Star Wars for the Uninitiated

In a galaxy far, far away, there are still people who are unaware of The Force. I know it’s hard to believe but I’ve met a few who don’t understand what’s so good about ‘Star Wars’. For friends of these uninitiated few, here are the three most important things they must know about the series:

The Force
“May the Force be with you” sometimes sounds like a religious benediction. However, The Force really is the omnipotent power in the Star Wars galaxy. According to Obi-Wan, it’s the energy field that binds the galaxy and all living things together.

Image source: Starwars.com
Image source: Starwars.com

Jedis and Siths
Basically, Jedis are the peacekeeping warriors who learned how to fight using the good side of The Force while the Siths are those from the dark side. The Jedis are the good guys while the Siths are the baddies. Not so difficult, right?

The timeline
This epic movie boasts a long timeline beginning from the first movie that came out during the 70’s. With three movies each from the first three installments to the prequel trilogy, beginners might not know where to start. To prevent your friends from being thrown off guard with old-school effects, perhaps it would be good to start with ‘The Phantom Menace’ (1999). This installment is officially the start of the timeline.

 

Image source: Starwars.com
Image source: Starwars.com

 

The ‘Star Wars’ universe has a lot more to offer. If Yoda were to speak with these newbies, he’ll say, “Watch all movies, you must.”

Hello! David Berkowitz here. I am a production designer for an independent film production company in Los Angeles, California. This job has been one of my wildest dreams since childhood. I’m also a fan of the Jordan-era Chicago Bulls. If you share my interests, follow me on Twitter.

The Daily Grind: My Life as a Production Designer

People assume that when you work for the film and TV industry, you’re either an actor, a director, or an assistant. I currently work as a production designer–and being one is no easy task.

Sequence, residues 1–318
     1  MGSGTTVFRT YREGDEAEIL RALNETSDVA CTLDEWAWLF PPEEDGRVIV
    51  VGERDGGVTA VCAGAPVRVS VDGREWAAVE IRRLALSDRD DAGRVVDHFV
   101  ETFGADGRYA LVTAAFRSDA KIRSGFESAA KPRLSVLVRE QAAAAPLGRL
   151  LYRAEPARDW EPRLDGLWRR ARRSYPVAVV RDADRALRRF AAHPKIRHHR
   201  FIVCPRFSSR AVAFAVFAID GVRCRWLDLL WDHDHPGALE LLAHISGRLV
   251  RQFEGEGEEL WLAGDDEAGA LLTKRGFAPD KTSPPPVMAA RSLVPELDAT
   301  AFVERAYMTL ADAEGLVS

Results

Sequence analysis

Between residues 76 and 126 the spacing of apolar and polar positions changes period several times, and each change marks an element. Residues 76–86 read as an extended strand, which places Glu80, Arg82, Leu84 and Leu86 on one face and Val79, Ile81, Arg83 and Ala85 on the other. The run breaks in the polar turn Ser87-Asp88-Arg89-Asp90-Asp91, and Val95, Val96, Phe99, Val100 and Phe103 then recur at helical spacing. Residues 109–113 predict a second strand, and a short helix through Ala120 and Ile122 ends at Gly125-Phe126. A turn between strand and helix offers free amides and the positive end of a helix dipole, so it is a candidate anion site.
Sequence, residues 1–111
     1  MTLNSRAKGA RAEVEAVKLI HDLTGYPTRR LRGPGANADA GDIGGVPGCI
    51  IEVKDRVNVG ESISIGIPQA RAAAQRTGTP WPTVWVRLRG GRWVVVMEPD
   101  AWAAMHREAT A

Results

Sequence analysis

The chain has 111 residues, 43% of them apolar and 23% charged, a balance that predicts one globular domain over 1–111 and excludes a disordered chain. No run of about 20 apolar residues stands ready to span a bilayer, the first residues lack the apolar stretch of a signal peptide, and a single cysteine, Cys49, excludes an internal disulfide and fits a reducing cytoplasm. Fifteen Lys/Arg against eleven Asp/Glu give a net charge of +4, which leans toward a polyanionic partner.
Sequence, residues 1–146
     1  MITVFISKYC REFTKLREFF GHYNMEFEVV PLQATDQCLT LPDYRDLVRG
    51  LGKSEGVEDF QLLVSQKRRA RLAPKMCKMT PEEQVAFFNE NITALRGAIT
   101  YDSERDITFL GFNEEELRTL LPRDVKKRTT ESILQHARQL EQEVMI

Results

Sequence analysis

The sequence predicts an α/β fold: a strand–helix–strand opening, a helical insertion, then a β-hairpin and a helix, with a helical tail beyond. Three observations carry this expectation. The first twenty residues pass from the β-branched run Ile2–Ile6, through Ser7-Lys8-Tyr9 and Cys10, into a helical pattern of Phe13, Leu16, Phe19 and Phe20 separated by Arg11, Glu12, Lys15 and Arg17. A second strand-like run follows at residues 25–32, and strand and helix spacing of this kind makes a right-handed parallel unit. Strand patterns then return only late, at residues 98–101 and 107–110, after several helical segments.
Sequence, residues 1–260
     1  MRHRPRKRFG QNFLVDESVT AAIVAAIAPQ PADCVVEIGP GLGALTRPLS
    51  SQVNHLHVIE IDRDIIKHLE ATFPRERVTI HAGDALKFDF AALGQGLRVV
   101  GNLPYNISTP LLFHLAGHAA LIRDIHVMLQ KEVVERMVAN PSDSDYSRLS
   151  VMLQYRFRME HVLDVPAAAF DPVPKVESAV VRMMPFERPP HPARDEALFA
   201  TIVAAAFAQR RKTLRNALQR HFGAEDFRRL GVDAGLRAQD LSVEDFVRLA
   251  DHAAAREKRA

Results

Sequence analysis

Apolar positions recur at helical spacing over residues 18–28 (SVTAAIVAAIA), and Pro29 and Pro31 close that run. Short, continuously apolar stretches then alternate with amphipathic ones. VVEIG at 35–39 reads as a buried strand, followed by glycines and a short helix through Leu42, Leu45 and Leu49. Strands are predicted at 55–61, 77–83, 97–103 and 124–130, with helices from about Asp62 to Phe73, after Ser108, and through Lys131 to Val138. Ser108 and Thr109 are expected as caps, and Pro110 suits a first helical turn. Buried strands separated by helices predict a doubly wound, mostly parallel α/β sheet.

Image source: filmmakeriq.com

Being a production designer means working for the art department. Together with other production designers and consultants, I help in conceptualizing a film, TV, or theater production.

My role at a certain project starts during pre-production. I meet with directors, director of photography, and scriptwriters to create a strategic visual backdrop for each scene. After this has been established, production designers will go into research and design. How does a salon in the 1950s look like? What were fashion trends during the Motown era? These details are important to make a set believable. After we’re done with the research, we come up with a stage or set plan for the art department. The rest of the art department will materialize this vision that we came up with.

As a production designer, I work long hours. There’s no such thing as a 9-to-5 shift. I also travel a lot, if the script or if the design I made requires me to. Most production designers have finished a degree in architecture, technical theater arts, fine arts, or interior design.

Do you think you have what it takes to be a production designer? The work may be tough, but it’s all worth it.

Image source: freshtvinc.com

David Berkowitz here, a Chicago Bulls fan and production designer for indie films. Know more about my love for basketball and filmmaking when you follow me on Twitter.